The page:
A new list ranking the walkability of the 50 largest cities in the U.S. puts New York City at the top.
With a Walk Score of 85, New York City leads the way in walkability. Its most walkable neighborhoods are Little Italy, SoHo, Flatiron District, Greenwich Village, NoHo, Murray Hill, West Village and Chelsea.
Behind New York in walkability were San Francisco, Boston, Chicago, Philadephia and Seattle.
Walk Score measures the walkability of neighborhoods across the country, categorizing them in ranges from "car-dependent" to "walker's paradise."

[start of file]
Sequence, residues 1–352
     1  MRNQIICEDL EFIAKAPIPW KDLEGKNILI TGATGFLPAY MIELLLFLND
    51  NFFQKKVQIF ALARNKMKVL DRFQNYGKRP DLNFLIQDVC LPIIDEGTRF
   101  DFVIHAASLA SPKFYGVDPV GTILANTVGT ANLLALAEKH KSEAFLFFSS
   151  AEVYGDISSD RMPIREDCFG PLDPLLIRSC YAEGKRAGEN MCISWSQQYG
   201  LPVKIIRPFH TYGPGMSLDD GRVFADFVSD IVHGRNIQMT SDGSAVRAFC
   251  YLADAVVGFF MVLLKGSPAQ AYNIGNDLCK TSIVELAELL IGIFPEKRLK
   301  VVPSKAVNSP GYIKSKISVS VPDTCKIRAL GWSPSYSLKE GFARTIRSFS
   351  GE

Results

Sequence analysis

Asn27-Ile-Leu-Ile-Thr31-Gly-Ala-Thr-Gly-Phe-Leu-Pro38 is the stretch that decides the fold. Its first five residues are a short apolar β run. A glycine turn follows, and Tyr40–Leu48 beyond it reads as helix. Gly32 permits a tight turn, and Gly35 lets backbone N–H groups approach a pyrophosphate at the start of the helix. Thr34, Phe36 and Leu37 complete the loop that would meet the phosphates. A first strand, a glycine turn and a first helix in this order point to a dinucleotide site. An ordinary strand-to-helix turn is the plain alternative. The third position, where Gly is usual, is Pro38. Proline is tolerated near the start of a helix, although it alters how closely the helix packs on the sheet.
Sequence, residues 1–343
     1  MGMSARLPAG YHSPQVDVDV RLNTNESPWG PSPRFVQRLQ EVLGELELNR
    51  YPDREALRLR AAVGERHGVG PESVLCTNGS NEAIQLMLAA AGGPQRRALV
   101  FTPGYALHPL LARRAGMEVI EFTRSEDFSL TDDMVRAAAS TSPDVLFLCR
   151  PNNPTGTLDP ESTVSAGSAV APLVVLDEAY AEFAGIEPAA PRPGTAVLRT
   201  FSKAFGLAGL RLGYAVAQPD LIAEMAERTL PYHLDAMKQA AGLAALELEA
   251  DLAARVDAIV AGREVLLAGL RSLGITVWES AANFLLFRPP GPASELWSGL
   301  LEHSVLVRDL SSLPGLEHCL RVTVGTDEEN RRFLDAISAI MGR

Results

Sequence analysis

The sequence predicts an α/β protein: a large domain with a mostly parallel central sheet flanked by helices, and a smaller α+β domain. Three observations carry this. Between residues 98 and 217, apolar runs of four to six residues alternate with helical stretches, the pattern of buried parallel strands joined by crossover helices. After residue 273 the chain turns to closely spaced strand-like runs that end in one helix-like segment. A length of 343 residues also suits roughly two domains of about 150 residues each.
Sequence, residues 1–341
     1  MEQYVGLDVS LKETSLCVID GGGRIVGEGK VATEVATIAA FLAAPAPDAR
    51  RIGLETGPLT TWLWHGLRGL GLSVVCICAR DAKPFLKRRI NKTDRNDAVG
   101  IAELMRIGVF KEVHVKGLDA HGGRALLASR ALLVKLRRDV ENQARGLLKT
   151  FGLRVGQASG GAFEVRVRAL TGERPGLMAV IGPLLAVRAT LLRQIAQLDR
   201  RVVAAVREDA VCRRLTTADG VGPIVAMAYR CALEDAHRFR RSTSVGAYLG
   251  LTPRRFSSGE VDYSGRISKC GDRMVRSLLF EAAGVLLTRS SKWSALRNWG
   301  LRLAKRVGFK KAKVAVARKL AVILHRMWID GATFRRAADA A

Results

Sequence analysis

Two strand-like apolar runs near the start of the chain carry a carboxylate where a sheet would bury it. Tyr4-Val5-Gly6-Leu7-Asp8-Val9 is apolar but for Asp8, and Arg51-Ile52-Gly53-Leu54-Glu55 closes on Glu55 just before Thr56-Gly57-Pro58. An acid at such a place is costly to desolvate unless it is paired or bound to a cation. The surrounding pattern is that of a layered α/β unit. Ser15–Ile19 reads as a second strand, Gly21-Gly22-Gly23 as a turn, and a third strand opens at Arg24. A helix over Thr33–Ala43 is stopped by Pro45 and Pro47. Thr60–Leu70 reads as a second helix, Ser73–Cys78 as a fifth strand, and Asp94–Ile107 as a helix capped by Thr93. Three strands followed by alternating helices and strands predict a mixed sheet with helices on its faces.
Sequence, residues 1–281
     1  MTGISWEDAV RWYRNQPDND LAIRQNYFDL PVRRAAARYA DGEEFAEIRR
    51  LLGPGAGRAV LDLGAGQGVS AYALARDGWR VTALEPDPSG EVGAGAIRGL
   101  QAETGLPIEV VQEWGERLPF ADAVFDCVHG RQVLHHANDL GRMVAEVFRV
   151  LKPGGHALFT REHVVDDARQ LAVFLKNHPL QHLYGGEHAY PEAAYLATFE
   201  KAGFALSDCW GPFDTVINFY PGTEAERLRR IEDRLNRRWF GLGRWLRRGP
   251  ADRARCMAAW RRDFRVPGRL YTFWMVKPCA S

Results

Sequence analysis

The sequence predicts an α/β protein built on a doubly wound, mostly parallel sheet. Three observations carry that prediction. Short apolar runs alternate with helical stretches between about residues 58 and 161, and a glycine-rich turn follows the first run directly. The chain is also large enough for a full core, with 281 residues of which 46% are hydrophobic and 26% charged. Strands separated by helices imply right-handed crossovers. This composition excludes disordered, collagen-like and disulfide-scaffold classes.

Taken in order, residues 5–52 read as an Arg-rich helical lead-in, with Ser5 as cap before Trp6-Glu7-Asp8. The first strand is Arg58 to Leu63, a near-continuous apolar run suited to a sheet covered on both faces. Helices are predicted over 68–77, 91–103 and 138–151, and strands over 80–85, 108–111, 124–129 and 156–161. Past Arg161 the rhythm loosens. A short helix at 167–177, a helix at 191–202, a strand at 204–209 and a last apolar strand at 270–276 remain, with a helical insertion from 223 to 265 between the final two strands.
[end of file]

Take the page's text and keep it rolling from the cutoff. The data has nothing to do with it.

A Walk Score is derived from several factors, including whether a neighborhood has a central public space or main street, a population big enough for businesses to flourish and for public transit to run frequently, affordable housing located near businesses, plenty of public places to gather and play, and streets designed for bicyclists, pedestrians and transit.
A neighborhood's walkability is often tied into the health of its residents, Walk Score says; the average resident of a walkable neighborhood weighs 6 to 10 pounds less than someone who lives in a sprawling neighborhood.
Walkability also factors into a neighborhood's environment, its financial profile (one point of Walk Score is worth up to $3,000 of value in property, it claims), and community activity.